If Webinar Ads Were Honest

Do you have a problem you’d like to solve?
Have you been looking high and low for a solution?
Would you like to hear me talk about your problem without doing anything to solve it other than asking for your money?

You are in luck!

I’d like to invite you to an incredible, life changing webinar. 90 minutes of your life that you’ll never get back.

During this webinar, you will learn….
…how excited I am about some meaningless credentials that don’t prove I can help you.
…the story of when I did something I’m really proud of that has nothing to do with the topic.
…just how many ways there are to talk around a topic without teaching you anything about it.

In this webinar, you are absolutely guaranteed to not learn one single solitary useful tip, tool, or technique on the topic.

But you will be kept on constant suspense, thinking I’m about to teach you something.

As an added Bonus, I will share with you a series of case studies. These case studies are carefully crafted to yield no information as to what my process might be, and you’ll be pretty sure I made them up using stock photos.

For example, meet Bob and Suzy Jones!
Before working with me they were sad, overweight, miserable, and broke. They were actually in the brink of divorce.

But after going through whatever my program is, they are happier. They have lost 193 pounds between them. They have more money than they ever dreamed of and were finally able to drive that RV. And their sex life is better than ever. 

😉

So, join me for this incredible webinar.

At the very end, I’ll offer you an amazing $397 offer that’s really $997, although no one in this history of mankind has paid $997 or even been offered that price.

In the $397 program, I will teach you between 0 and 3 actionable pieces of information, while mostly continuing to tell you how awesome I am, and setting you up for the next sale, which really is $997 (although I tell you it is normally $2500).

Register now for this powerful event that will unlock your new future!

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Why is everyone a “Marketing Coach?” And How that’s ruining the world

Have you noticed that the vast majority of people in the online business world are some variety of marketing coach or consultant? Do you know why that is?

There are some marketing coaches who just love marketing, and that’s what they’ve always done. They are awesome and provide a valuable service. But that is a small minority of marketing experts out there.

For many of them. if you take a look at their history, you’ll find that most of them used to be something else. An energy healer. A wellness coach. A parenting coach.

But then, in order for their business to be successful, they had to master all aspects of marketing. The learned to build funnels, write copy, run launches, manage social media and all the rest.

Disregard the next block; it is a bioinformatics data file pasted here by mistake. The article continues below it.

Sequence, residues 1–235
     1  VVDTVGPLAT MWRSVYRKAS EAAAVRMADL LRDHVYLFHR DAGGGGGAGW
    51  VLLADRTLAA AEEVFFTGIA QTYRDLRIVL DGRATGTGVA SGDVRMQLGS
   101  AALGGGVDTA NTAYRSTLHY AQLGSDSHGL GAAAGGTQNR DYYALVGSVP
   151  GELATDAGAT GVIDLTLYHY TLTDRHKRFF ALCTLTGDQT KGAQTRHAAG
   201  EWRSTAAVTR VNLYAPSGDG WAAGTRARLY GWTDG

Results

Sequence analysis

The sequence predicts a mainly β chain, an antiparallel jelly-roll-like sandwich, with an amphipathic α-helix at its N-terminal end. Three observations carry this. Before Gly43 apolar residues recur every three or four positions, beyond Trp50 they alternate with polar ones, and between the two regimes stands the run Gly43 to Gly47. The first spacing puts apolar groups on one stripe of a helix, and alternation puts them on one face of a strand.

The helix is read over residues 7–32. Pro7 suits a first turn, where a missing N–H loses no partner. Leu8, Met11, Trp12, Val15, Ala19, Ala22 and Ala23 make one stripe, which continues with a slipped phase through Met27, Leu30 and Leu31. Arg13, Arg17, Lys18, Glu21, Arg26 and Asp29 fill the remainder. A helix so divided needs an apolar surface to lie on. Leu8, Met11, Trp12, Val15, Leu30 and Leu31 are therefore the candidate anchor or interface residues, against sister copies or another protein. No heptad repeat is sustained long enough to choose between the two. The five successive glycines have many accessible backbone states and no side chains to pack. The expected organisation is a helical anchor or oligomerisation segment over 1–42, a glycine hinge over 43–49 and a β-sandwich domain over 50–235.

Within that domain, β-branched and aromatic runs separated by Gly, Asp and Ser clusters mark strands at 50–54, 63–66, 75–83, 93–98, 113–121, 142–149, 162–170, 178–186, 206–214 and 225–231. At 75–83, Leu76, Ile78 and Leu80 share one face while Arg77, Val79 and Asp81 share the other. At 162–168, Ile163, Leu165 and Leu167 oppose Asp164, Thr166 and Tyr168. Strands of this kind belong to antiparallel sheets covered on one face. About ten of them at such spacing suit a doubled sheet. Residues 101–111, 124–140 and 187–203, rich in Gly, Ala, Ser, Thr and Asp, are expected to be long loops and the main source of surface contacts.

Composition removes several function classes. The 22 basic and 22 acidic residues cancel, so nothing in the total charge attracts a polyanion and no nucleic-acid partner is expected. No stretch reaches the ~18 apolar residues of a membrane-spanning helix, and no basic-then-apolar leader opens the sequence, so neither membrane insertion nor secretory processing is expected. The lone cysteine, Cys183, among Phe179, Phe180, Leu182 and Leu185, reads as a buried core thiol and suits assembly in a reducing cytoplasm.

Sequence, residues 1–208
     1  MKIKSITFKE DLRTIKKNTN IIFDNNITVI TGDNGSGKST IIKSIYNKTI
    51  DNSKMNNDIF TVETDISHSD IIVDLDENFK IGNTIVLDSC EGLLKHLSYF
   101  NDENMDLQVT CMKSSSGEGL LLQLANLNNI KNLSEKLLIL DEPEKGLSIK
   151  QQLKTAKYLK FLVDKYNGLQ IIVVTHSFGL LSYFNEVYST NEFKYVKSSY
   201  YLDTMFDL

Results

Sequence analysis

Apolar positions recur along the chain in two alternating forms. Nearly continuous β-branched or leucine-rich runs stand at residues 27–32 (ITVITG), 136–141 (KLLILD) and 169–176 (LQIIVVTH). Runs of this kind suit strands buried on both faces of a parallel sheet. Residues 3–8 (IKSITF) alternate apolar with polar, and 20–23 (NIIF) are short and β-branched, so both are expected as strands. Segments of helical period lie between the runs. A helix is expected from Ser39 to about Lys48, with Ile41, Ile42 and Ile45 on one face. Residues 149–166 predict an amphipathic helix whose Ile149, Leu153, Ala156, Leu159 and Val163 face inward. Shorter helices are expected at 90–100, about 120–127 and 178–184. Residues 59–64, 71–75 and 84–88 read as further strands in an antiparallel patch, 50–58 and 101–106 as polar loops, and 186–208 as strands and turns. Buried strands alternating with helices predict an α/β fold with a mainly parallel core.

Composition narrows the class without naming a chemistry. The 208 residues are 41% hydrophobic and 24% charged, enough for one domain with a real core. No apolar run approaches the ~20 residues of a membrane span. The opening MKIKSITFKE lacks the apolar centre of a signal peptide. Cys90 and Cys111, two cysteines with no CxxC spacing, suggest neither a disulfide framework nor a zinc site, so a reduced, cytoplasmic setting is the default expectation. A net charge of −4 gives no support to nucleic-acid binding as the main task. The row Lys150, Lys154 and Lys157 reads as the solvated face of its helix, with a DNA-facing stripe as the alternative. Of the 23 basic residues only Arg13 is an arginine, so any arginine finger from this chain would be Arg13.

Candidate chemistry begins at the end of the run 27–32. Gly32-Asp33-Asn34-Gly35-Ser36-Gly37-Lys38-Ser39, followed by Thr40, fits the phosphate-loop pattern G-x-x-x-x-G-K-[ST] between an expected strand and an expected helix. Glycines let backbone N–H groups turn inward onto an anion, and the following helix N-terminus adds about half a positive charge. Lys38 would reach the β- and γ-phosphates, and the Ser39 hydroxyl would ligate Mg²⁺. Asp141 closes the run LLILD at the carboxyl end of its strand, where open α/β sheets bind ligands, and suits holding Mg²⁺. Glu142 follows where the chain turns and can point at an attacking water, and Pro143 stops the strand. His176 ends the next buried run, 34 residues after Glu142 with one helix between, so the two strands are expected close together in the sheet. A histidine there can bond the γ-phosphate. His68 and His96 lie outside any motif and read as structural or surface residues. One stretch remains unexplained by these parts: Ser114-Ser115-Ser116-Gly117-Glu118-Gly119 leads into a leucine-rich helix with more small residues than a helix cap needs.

After spending months or years perfecting those skills, they discovered that selling those hard won skills was more lucrative than contributing to the world in the way that they had been called to.

And, just like that, the world has one more marketing coach.

We don’t need more marketing coaches

Nothing against marketing coaches, but they don’t actually create anything in the world. They facilitate those who make a difference to reach the people they can make a difference for.

Or they would, except for the fact that too many people, once they spend years mastering marketing, give up on making that difference for selling their marketing knowledge.

This is a bad system. It drains the world of the knowledge and solutions we need.

But, up until now, it has been necessary. It doesn’t matter what you are an expert in. If you don’t also become an expert in marketing, no one will ever find you.

The beginning of a better way

What if there were a platform that let experts be experts without becoming marketers.

That is the core of what The Great Discovery is.

The Great Discovery is a course platform where experts can share their courses to be promote by an affiliate network.

The core of the marketing strategy is a network marketing model, but unlike most network marketing companies, The Great Discovery’s affiliates aren’t selling the products of The Great Discovery. They are selling the courses created by the members.

Course creators get to leverage the power of network marketing to promote their content by simply creating great content.

They don’t have to get involved in the network marketing side at all, or they can choose to do so for additional revenue.

The key thing is that experts can focus on being experts!

The best time to get involved is now

The Great Discovery is still in a pre-launch phase.

That means that course creators who sign up before March 15th, 2024, will have the opportunity to pay just $628 one time to get unlimited lifetime course posting privileges. One course or a thousand courses, all included. No limits. No maintenance fees.

After the launch, it will shift to a more traditional monthly membership model.

If you would like to sign up, go to this link, and follow these steps:

  1. Sign up for the 14 day free trial of the Genius Club (that gives you 10% off)
  2. Click the button on the right to become an affiliate
  3. Select the Champions Course Creator Pack
  4. Fill out the information to register and pay

At that point, you will be a course creator with lifetime course posting privileges.

If you would like to know more, there is a video on that web site, or you can email me at michael@guywhoknowsaguy.com to ask questions.

But I encourage you to act quickly because there is a great benefit in getting in on this early.